If I understand the situation, modern hard drives are responsible for bad sector detection and avoidance. When a sector is written, it is immediately read back to ensure that sector is good, and if it isn't, the physical sector is marked bad and the data is written somewhere else, changing the mapping between that virtual sector and its physical sector.

That all makes sense except for one thing: where are all of these extra sectors coming from? Are there just more physical sectors than virtual sectors? That's the only thing that makes sense to me. Otherwise, a command like dd if=/dev/urandom of=/dev/sda would fail eventually once it inevitably hits the bad sectors, which are sure to exist, even on the best and newest of drives.

Also, after running the above command, as far as the hard drive knows, every virtual sector on it is being used. Yet there isn't a sudden increase in write errors on the software end, like you would expect there to be if the hard drive had run out of room to remap bad sectors. Therefore the hard drive must have somewhere else to map any new bad sectors it finds, even though as far as the hard drive knows, the entire virtual address space is being used.

Assuming there are more physical sectors than virtual ones, how can you figure out how many extra sectors there are, and how many are left? That way, when the extra sector supply is running low, I could get some kind of warning so I can replace my hard drive before it dies.

EDIT: It turns out I didn't exactly understand the situation right. Reading after every write operation isn't necessary when error correction codes are used. That makes me wonder, though: does a sector get marked bad and remapped every time an ECC has to be used to recover from a write error to a sector?

  • "When a sector is written, it is immediately read back" -- Not true. Such an operation is called "write-then-read" or "write verification", and is not a standard write operation (because such an extended operation requires another revolution of the platter).
    – sawdust
    Oct 25, 2016 at 22:57
  • Wow, really, it isn't on by default? Crap, I'm going to go figure out how to enable that. It seems fairly obvious. Oct 26, 2016 at 6:01
  • "It seems fairly obvious" -- Only if you're paranoid. You probably don't even know what kind of write caching policy is employed in your HDD. See Write Caching. IOW your OS could be notified that the write operation is successfully complete before the the sector has been actually written, much less verified.
    – sawdust
    Oct 26, 2016 at 8:32
  • Here's a patent for the (integrated) disk controller to automatically perform a read-after-write. Look for the paragraph near the end that starts with "There is a performance cost associated with this RVaW feature..." that validates my first comment. I have no idea if any HDD actually uses this scheme.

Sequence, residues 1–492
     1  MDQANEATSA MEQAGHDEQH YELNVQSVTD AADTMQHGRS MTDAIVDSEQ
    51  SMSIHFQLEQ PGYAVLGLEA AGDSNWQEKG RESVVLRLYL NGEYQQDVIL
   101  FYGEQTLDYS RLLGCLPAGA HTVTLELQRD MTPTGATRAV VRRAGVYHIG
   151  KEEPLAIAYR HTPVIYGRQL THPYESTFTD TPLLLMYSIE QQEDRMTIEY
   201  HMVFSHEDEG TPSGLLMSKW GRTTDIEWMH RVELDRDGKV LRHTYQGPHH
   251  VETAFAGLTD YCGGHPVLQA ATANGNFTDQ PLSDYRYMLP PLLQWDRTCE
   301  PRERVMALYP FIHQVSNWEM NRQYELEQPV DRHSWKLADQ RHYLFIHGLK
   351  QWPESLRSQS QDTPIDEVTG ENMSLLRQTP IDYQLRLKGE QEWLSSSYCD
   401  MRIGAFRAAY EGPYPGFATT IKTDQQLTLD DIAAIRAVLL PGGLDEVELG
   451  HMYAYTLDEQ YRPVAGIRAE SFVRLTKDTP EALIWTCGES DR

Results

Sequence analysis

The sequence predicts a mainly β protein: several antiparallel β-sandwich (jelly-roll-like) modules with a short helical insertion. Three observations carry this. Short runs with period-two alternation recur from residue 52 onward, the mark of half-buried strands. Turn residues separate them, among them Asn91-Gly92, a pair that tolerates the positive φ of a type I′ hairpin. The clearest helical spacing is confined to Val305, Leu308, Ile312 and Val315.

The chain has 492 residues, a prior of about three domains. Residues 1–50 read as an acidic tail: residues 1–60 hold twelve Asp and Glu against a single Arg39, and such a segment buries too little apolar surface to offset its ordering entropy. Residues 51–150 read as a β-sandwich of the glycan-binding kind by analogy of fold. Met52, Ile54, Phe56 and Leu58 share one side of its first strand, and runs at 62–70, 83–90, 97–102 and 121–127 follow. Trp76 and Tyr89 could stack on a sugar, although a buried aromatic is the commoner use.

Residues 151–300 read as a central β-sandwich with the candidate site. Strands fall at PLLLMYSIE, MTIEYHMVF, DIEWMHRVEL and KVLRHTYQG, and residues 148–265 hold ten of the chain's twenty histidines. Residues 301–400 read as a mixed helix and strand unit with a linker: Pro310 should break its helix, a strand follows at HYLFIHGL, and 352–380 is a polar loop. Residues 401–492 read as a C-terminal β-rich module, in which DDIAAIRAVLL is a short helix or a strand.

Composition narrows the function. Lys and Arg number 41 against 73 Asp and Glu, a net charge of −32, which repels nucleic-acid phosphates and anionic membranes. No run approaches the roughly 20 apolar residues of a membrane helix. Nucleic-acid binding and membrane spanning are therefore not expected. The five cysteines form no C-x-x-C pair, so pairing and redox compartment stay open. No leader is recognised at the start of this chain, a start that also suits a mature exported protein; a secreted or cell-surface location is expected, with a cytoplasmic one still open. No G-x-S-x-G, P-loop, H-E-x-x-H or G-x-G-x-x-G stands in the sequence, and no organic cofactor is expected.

– sawdust
    Oct 26, 2016 at 8:46
  • I just remembered these hard drives also use error correction. That's how they can get away with it. Very interesting. And I know about caching, BTW. Oct 26, 2016 at 19:45

1 Answer 1


Where are all of these extra sectors coming from?

Modern disks have a pool of spare sectors that can be swapped with damaged sectors.

This is called the Spare Sector Pool.

Spare sector pools

All modern hard disk drives have a spare sector pool. This is used when bad sectors develop during the normal life of the hard disk and any new bad sectors are 'replaced' with good ones from the spare sector pool. This process is invisible to the user and will probably never know that anything has changed.

Source Bad sector remapping

How can I get some kind of warning so I can replace my hard drive before it dies?

Use smart monitoring software.

See the following questions for more information:

  • That's a confusing and low-quality article used for a citation. I've done extensive work with (older) disk drives and controllers, and the explanations made little sense (and the bad grammar doesn't help). AFAIK zero-filling a drive doesn't repair or fix bad sectors. A much better article is Bad sector remapping
    – sawdust
    Oct 25, 2016 at 23:13
  • I have heard of SMART. Does it specifically tell you how many sectors are left in the spare sector pool? Oct 26, 2016 at 5:16
  • @sawdust Thanks for the reference. I've updated the answer.
    – DavidPostill
    Oct 26, 2016 at 7:58
  • @enigmaticPhysicist Not directly. SMART won't tell you exactly how large the spare sector map is but it will tell you how much of it is used. Combined with the trigger information as to percentages for a SMART failure and you should be able to determine with a fair amount of accuracy just how big the spares are.
    – DavidPostill
    Oct 26, 2016 at 8:05
  • @sawdust zero-writing may not work because a. you need to read the zero back for the disk to do error checking and b. file based zeroing may not fill the whole block, thus miss one or more sectors - if you do do zeroing, you need to do it at sector level.
    – KolonUK
    Oct 29, 2019 at 15:17

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